Cricket chiefs to protect sponsors’ exclusive rights

Cricket chiefs are looking to clamp down on ambush marketers ahead of this year’s Ashes test series by launching a system to protect sponsors’ exclusive rights.

Cricket chiefs are looking to clamp down on ambush marketers ahead of this summer’s Ashes test series.

The England and Wales Cricket Board (ECB) has trademarked specific terms associated with brands’ sponsorship activity around this summer’s Investec-sponsored test series against Australia.

It means non-sponsors found marketing cricket-related products with terms such as “Ashes Cricket 2013” or “Old Trafford Ashes” could face legal action. Sponsors and promoters have a variety of legal resources available to protect their interests, but until now have never worked with the governing body to safeguard a range of phrases.

The initiative reflects growing concerns from sponsors over the protection they receive against ambush marketing. The issue was brought into sharp focus around last year’s London 2012 Games when organisers rolled out “branding police” to crackdown on the use of terms including ‘the Games’ by non-sponsors.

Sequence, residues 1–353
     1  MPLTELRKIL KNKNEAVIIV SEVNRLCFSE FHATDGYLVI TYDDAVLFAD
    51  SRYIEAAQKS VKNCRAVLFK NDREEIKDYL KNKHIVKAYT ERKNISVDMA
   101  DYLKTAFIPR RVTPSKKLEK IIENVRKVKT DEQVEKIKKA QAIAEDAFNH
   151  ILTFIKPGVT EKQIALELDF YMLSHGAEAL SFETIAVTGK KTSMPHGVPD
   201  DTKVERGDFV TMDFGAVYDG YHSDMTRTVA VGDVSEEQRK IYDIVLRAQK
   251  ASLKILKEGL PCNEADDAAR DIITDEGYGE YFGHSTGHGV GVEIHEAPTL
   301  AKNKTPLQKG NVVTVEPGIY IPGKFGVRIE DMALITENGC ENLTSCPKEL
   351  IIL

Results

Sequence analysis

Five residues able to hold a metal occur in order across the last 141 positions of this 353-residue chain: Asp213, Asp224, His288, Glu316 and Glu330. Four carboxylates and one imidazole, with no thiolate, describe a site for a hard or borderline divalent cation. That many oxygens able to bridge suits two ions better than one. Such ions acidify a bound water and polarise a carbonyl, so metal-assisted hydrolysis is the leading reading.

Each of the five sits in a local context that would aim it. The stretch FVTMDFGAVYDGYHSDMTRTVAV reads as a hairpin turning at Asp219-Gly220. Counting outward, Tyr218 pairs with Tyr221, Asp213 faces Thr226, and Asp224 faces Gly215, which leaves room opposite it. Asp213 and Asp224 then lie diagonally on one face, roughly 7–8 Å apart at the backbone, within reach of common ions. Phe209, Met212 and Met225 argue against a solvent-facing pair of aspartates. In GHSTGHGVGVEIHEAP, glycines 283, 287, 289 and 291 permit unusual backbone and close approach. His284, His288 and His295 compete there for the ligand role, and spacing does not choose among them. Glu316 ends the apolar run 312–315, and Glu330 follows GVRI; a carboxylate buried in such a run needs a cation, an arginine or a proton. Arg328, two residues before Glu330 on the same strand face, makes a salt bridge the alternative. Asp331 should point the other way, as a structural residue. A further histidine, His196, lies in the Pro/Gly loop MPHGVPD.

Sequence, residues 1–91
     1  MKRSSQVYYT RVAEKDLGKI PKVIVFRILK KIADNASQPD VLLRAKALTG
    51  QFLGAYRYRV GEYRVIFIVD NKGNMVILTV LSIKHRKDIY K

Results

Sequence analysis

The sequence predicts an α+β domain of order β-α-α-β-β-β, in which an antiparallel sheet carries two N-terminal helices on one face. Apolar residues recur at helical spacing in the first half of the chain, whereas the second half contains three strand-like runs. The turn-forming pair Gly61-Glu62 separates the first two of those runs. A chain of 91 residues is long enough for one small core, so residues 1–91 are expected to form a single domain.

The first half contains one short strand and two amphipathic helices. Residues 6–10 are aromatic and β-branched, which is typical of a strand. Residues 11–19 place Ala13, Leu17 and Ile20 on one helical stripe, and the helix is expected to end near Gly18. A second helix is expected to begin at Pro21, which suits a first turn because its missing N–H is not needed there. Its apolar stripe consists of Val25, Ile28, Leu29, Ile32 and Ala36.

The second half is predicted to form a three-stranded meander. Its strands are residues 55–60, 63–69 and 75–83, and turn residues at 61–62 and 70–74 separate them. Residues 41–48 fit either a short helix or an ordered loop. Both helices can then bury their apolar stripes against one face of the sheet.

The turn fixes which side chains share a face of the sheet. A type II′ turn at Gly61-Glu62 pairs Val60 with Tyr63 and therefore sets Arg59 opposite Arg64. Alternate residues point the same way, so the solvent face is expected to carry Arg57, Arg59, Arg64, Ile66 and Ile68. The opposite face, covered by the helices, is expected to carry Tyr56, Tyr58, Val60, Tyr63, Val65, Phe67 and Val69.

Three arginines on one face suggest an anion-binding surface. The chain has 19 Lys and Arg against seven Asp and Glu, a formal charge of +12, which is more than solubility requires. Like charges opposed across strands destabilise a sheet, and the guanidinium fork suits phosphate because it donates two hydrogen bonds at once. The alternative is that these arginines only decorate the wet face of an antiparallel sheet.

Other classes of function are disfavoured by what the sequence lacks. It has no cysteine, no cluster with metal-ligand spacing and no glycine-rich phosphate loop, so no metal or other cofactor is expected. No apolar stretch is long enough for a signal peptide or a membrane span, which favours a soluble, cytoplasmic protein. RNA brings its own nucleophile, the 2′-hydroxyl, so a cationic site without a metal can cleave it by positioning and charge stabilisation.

John Perera, the ECB’s commercial director told Marketing Week sponsors have previously “taken it on themselves” to protect their rights because there was no legislative support for using Ashes-related words, unlike the restrictions around the Olympic Games.

He adds: “During the last Ashes test series we saw a number of examples of unauthorised merchandise. Protecting your IP has become much more topical over the last decade and I think that really came through during last year’s Olympics.

“Brands have been trademarking certain terms themselves in the past, but we’re putting in place a process for them to work with us ahead of the Ashes.”

The ECB is working with the Marylebone Cricket Club (MCC) to monitor unauthorised use of trademarked phrases with plans to do the same with other backers and cricket events.

It comes ahead of next year’s overhaul of how ECB will sell commercial title sponsorship rights to brands. Instead of allowing brands to sponsor either international or domestic competitions and series. sponsors will be offered all competitions within that format.

The organisation cites deals with Sky, the BBC and Asia-focused ESPN Star, which bring in over 80 per cent of overall revenue, and the live broadcast of matches online as examples of how the commercial strategy is evolving.

Perera would not be drawn on sponsors replacing Brit and FriendsLife when their deals end this year but said new partners would be announced soon.


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